Aug. 1 Given as Target Date for Re-opening of Hospital
By Will Johnson
HOUSTON COUNTY – As the regular meeting of the Houston County Hospital District Board of Directors meeting was convened, the directors were greeted by a standing room only crowd in the hospital facility’s cafeteria.
Board President Deborah Porth Blackwell called the meeting to order at 5:30 p.m. and asked Rev. Albert Moses III to provide the invocation.
Once the invocation concluded, Blackwell introduced Dr. Kelly Tjelemand and Dr. Subir Chhikara – the principal owners (along with a third silent partner) of Crockett Medical Center, formerly Timberlands Healthcare.
Dr. Tjelemand spoke first and said while things might seem a little quiet on the hospital front “… I can assure you, things on our end have been extremely busy. We have made really good progress and we just wanted to go through where we stand.”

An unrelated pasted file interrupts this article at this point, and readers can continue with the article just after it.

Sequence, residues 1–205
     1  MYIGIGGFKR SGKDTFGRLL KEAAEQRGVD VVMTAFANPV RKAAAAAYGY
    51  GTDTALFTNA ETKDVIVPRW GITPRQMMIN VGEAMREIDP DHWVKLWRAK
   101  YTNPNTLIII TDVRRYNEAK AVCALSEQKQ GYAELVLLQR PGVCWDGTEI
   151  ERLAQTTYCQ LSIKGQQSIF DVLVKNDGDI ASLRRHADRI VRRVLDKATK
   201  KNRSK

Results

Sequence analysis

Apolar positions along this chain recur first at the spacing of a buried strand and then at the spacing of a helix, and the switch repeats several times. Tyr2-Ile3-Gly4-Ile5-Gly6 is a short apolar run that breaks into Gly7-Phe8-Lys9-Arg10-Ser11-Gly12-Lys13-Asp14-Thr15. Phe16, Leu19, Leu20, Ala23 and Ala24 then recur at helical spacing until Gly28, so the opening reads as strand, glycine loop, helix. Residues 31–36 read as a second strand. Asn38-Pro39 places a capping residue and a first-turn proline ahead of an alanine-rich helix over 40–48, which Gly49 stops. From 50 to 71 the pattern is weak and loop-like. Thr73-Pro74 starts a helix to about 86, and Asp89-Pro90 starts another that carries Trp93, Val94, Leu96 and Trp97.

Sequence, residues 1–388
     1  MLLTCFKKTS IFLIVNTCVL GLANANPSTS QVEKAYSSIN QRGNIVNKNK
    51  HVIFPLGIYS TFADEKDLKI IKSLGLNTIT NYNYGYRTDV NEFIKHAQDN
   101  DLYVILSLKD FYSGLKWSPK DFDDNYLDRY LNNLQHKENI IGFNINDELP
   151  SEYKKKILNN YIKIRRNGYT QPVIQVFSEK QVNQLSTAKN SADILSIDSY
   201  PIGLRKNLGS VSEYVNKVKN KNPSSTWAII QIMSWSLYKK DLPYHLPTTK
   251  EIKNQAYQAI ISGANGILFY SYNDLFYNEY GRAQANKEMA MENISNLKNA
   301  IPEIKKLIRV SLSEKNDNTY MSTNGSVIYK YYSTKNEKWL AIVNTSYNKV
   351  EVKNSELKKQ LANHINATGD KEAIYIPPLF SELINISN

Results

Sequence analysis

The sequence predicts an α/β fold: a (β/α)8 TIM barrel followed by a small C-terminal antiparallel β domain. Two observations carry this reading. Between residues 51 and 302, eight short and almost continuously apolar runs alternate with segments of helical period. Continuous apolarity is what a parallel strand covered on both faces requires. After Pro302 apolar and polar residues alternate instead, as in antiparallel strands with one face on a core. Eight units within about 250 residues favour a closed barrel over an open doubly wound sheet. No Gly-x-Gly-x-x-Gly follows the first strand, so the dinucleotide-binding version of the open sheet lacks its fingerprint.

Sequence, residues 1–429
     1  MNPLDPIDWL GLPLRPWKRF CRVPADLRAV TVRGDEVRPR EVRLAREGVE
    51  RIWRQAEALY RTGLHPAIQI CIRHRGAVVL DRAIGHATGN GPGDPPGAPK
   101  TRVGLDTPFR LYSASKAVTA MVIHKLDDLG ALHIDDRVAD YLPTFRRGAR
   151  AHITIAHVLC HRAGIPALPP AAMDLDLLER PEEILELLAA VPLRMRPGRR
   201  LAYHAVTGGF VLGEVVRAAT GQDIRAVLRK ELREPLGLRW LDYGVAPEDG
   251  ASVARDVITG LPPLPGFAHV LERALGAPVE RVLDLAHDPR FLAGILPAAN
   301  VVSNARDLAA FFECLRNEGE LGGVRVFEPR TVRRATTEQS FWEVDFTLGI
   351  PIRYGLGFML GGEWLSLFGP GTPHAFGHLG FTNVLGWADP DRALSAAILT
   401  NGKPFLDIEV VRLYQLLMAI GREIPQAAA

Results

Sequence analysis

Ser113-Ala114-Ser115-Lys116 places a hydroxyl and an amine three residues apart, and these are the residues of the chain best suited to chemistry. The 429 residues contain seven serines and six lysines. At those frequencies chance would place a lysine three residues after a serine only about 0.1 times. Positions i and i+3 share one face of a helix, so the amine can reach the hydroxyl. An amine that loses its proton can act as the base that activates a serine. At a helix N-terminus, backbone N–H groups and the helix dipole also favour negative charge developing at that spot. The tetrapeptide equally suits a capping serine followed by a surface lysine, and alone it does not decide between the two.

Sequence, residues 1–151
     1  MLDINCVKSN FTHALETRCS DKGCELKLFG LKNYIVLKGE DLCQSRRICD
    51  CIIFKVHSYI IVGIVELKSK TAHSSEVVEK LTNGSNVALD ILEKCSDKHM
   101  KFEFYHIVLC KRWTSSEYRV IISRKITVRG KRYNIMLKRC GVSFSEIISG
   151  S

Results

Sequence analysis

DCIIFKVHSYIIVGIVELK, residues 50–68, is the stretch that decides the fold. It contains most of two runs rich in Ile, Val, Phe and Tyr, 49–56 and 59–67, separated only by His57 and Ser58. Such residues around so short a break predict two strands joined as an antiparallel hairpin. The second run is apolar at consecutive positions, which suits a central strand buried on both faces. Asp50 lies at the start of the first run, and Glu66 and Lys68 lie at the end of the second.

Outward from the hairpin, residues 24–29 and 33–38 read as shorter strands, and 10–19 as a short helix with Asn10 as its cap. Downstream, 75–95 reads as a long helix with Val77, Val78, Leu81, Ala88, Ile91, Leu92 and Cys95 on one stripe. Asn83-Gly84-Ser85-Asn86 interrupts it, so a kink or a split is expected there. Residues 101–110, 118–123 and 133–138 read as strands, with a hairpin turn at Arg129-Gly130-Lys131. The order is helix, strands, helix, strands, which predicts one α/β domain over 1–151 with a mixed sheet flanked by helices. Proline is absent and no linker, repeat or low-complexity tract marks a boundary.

After Tjelemand provided a brief background of his medical training and current practice, he turned the floor over to Dr. Chhikara.
“I grew up in Houston, not too far from here,” the physician said. “I went to A&M and we (he and Tjelemand) still get along pretty well.” Tjelemand is a graduate of UT.
The two met at medical school at Baylor University and after several years, re-connected in Austin, where Chhikara is an urologist and Tjelemand is a reconstructive surgeon.
“We are excited to be here and be a part of the community now. I’d like to start by saying the hospital is opening,” he said as he was drowned out by applause from the audience.